They add all of these additional charges to ensure that even if you win the sexual assault charge, you get a conviction for a fraternization or a conviction for an adultery so they can kick you out. When the government…and you know darn well that fraternization would never be handled at a court martial on its own, but they tack those along that the inevitability happens that you get convicted. And what happens then, it becomes a criminal charge, so even if you beat the charge of sexual assault, you may have a rap sheet and a conviction for adultery or fraternization.
Then we go from there to the fact that we do the Article 32 process, which we talk about in other episodes, and how that is designed to move the case forward to a trial. It is the issue of inexperienced counsel on the defense side, where prosecutors have two, three…sometimes, I’ve seen four prosecutors. They will fly in a team of prosecutors, called a TCAP, a trial counsel assistance program, from Washington, D.C. but your military defense counsel is no ding on them. They’ve had 12 months of experience.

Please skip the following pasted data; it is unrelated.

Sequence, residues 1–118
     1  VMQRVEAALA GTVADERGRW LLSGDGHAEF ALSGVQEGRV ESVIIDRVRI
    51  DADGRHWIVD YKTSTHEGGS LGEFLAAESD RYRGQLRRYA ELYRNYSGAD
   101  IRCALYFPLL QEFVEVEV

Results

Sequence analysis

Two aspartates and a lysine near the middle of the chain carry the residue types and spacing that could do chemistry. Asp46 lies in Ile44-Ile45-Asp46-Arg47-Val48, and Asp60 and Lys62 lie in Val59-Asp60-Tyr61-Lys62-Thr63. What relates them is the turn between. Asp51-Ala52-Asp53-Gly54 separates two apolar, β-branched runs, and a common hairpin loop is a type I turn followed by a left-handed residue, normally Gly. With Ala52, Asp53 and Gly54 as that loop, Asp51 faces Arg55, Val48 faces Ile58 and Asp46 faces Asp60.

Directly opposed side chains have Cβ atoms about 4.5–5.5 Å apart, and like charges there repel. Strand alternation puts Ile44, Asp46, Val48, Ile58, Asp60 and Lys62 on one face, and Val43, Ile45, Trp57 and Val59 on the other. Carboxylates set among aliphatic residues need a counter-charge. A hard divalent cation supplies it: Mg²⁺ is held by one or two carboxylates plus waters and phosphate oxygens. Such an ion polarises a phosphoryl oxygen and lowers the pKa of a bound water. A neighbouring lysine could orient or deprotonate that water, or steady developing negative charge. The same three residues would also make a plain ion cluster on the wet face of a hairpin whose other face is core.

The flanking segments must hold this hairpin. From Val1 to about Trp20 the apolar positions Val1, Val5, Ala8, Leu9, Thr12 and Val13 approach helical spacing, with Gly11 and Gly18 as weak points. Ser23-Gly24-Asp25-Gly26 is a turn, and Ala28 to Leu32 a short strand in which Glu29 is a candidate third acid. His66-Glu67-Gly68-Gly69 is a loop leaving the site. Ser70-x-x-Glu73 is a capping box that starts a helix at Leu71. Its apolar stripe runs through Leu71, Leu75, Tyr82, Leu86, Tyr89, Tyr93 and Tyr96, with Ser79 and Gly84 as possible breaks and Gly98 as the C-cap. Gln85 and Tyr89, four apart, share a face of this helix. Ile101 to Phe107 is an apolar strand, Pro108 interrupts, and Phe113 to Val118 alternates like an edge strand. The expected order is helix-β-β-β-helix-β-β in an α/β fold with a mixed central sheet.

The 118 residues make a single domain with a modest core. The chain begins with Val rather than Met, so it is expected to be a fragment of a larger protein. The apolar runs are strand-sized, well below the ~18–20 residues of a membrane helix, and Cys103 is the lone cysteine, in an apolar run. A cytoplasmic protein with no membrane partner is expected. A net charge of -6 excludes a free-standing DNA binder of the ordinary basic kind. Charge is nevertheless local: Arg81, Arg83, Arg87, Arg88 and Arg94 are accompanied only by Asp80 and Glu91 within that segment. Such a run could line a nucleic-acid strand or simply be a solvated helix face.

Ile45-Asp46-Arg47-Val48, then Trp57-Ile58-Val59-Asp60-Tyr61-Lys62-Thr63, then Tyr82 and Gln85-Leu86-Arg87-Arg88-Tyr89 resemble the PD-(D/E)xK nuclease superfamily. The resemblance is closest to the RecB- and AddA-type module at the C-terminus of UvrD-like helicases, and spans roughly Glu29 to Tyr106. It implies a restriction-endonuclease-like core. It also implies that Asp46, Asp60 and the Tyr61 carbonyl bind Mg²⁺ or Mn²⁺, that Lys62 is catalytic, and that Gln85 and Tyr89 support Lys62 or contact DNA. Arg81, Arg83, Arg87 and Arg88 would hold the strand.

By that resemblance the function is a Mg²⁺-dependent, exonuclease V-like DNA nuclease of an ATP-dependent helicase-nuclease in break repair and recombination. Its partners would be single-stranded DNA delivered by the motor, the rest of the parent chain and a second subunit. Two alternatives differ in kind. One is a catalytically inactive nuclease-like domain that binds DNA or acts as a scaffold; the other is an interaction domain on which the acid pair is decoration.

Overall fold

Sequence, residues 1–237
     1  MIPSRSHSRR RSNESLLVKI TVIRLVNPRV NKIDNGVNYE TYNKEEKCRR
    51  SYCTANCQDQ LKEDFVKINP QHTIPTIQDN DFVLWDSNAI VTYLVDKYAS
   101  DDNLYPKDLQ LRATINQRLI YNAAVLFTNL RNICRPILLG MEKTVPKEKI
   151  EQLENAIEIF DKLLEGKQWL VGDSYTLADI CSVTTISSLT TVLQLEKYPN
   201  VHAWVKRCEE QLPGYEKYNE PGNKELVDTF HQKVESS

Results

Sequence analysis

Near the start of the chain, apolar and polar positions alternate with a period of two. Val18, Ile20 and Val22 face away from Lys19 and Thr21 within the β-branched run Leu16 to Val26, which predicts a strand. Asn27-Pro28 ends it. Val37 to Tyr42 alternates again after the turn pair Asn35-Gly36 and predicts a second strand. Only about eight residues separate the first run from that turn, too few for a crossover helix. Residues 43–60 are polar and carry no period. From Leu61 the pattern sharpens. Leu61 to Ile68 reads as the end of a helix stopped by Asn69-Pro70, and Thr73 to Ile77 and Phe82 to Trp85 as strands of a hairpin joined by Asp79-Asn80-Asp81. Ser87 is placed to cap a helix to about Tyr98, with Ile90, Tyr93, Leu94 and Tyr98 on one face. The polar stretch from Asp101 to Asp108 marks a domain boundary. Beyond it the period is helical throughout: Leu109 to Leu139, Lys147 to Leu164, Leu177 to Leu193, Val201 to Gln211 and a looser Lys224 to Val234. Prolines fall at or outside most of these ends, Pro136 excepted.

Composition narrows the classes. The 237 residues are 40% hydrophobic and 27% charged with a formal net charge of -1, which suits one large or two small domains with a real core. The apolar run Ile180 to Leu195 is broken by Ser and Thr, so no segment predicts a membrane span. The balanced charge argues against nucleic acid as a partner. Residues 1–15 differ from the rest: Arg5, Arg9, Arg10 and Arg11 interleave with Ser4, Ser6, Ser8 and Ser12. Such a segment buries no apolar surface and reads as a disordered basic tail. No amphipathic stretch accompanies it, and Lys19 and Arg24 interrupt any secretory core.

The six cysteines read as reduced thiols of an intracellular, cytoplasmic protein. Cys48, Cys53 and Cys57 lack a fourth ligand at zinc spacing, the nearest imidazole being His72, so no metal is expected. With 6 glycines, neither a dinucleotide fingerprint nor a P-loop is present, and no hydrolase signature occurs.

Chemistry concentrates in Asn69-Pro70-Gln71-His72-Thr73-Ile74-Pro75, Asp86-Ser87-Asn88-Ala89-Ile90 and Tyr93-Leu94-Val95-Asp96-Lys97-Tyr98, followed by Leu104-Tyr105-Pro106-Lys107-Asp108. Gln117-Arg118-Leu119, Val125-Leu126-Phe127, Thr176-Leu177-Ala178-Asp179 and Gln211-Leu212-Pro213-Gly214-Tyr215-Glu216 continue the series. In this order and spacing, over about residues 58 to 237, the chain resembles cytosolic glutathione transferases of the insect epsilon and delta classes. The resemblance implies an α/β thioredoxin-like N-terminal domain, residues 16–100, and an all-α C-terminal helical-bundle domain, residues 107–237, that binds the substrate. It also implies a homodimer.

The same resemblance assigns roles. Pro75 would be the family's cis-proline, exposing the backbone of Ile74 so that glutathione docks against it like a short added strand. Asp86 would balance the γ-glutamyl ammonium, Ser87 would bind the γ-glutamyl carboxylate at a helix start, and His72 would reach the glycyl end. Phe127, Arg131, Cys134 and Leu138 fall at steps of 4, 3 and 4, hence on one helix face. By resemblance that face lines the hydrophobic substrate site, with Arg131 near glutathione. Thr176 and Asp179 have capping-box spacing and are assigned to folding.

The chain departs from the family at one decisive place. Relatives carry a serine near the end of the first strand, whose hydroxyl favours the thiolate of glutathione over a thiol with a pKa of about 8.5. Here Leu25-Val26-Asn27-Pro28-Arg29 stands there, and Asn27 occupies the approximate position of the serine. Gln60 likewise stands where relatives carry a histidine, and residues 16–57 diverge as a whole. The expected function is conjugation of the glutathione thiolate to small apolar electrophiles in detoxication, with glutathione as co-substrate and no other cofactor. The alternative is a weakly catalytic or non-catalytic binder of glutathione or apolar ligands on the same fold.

Noel: And they’re by themselves. You’ll see that oftentimes, where the defense counsel is just you or I and the military defense counsel, whereas on the other side, you’ll have a lieutenant colonel, a major, you’ll have a commander, all sitting behind the bar, passing notes to the prosecutor. You’ll have a special victims prosecutor, you’ll have a victims’ legal counsel, and you’ll have two or three prosecutors at the table. Meanwhile, on the other side, it’s just me and you.
Timothy: And then when we get to a trial, the rules are designed so that if there’s…in a sexual assault case, you can’t necessarily cross-examine on all the things you want to cross-examine on because of MRE 412, which is military rule of evidence 412, the rape shield laws. You oftentimes can’t cross-examine on motive. You can’t cross-examine on other things which show that someone else may have consented that night. As you go through the entire process, what you’ll learn is the trial is not about you telling your story so it gets out, the trial is designed so you get convicted. And so, this mentality of “you’re innocent until proven guilty” is absolute and it is real, and if you’ve been charged, or you have a charge sheet, or you’re under investigation, you know exactly what I’m talking about because you feel it.
The only person who has the power to change that is you to not be a victim and to be a victor by who you have representing you, the quality of the counsel, the integrity of the counsel, the knowledge and the skill, and to have a relationship with the attorney, someone you know, you like, and you trust, that can deliver you from inevitability.